Tuesday, February 05, 2008



Somebody asked me the other day if I was "anti-industry". Or that they had heard somewhere that I was "anti-industry". Or that somebody in the industry had told them that I was "anti-industry" and they just wanted to confirm what the industry had told them.

I never wanted to be anti-industry. On the contrary, I actually rather fancied the idea of getting along somehow with the industry. As far as I was concerned, the industry was free to keep on doing its own thing, provided it would let me keep on doing my own thing. But I'm afraid they have left me no choice. Doing my own thing, I now realize, necessitates an anti-industry outlook.

So, yes. I am anti-industry. Or perhaps the industry is anti-me. Who can say?

This was bound to be the case, because I am also innately anti-community. Or, more specifically, anti-manipulation of the word "community" to help perpetuate an industrialized and, therefore, cynical and stale view of the world and its manifold possibilities.

Community should be natural. Not announced.

I have had a big mouth about a number of topics over the years. Except, ironically, the industry. Demonstrating my latent ignorance when it comes to the "business" of the "industry", I believed that by somehow remaining quiet on the topic, industry executives would see my shows and say, "Well, he's definitely pushing the envelope on a lot of sensitive issues that no one's really addressing right now and he's doing it in an individual style that's completely incompatible with our trust-fund mindset, but you know what? He's never said anything bad about the industry. Let's give him a shot."

I am the most optimistic pessimist I have ever met.

And I've met a lot of me.



I have a very quick internal tempo. This is why I've always believed in the importance of writing constantly. A day that I can create something is a good day. A day without a new idea to give shape to is a day that I wished I had a gun.

In my mouth. And a whole lot of guts.

See what I mean about a quick internal tempo? See how my brain just crash-landed in the fields of suicidal imagery?

That's because I have a very quick internal tempo. It's wired simultaneously for complete creation and complete destruction.

If I can't have one, I'll take the other. Just not the in-between.

God, I've never known the in-between. I'd hate to live at that tempo. Neither creating nor destroying. Just taking it as it comes.

This is why I left Missouri. And why I had to leave San Francisco. And why I plan on having some glorious kicks here in New York before eventually retiring to England.

Notice how I'm scripting out the rest of my life?

That's because I have a very quick internal tempo.

The industry's tempo can't, or won't, keep up with mine. Except for the British, that is. They were the exception to the rule. I couldn't have scripted it better myself. The only television that I ever truly desired to be on was British. Last year around this time, that dream was realized. It was the Brits who busted my cherry.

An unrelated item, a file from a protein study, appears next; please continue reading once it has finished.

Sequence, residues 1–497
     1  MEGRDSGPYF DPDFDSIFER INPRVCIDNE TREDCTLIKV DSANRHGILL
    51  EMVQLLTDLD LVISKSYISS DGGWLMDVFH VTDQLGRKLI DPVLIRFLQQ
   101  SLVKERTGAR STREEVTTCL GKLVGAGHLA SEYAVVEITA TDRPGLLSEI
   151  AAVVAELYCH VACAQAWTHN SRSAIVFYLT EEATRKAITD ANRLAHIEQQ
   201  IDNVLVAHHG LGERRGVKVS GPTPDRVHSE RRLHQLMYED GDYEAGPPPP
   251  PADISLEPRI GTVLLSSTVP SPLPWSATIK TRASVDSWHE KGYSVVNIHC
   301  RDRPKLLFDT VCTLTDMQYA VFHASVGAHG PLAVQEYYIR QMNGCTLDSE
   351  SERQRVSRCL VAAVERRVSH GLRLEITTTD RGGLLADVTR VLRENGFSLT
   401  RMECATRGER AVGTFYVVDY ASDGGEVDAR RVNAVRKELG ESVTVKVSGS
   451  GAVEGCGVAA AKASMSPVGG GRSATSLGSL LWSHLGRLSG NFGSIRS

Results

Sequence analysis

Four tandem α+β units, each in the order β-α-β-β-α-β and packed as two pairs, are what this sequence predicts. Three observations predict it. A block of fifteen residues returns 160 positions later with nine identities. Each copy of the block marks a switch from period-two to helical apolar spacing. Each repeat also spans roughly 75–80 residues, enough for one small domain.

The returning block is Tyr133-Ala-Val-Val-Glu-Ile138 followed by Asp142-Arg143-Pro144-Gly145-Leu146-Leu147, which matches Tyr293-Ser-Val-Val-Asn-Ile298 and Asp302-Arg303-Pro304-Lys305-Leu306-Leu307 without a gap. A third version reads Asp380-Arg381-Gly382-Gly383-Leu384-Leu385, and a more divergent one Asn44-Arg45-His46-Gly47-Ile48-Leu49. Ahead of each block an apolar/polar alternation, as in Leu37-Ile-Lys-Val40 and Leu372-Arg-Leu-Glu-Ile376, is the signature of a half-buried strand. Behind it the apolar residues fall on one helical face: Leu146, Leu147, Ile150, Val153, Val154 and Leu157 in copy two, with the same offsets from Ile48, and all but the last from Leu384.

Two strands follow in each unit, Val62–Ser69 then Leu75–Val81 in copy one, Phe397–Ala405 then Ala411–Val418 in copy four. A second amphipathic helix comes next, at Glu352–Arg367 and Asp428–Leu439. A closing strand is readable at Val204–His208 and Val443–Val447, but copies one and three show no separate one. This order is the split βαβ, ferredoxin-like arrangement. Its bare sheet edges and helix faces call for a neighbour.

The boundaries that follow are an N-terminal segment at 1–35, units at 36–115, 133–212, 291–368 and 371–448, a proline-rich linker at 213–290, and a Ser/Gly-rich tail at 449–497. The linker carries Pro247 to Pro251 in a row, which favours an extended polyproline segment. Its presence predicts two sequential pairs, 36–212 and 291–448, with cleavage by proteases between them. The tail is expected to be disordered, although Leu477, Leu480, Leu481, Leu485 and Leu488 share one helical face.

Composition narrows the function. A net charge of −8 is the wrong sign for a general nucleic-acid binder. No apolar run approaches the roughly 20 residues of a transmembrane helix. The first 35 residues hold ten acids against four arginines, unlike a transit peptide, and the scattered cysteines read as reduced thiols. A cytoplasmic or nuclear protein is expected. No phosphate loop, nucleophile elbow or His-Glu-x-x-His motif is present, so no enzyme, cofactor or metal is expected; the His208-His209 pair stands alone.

"What the BBC tries to do is keep just one step ahead of public opinion," the members of Monty Python were told by a network executive in the early days of the "Flying Circus" series.

Now that's anthemic. And, in all fairness, perhaps something out of the past--not taking into account the worldwide watering down of art and culture that postmodern globalization has made standard across the oceans. Still, the sentiment does seem to be something inextricably linked to the particular beauty of televised British comedy.

And contrary to the precepts of the American television industry. Of which the following comparisons to the British television industry are largely true:

1) American television seeks to match public opinion and not shape it.


2) American television upholds quantity over quality. i.e.,

a) More channels

We are given the illusion of a never-ending stream of choices that only mask a terrifying sameness.

b) More seasons

One question you'll hear asked a lot in the American television industry is "Does this idea have legs?" In other words, can it go on indefinitely, generating mass amounts of revenue for years to come?

c) More writers

The WGA strike notwithstanding, why are more writers required to work on the American version of "The Office" than were needed on the British version? Strange, given that the British version was the original. Wouldn't less writers be needed for a remake? After all, the story and characters were already written.

So, like I say, I have to hurry up and rock out here in New York so I can eventually get home to England and start shaping public opinion.

I have a very quick internal tempo. And despite the prevalence of the industry in this town, New York will always be rock-n-roll to me.

Which is good. Because that's my internal tempo.

God save the Queen.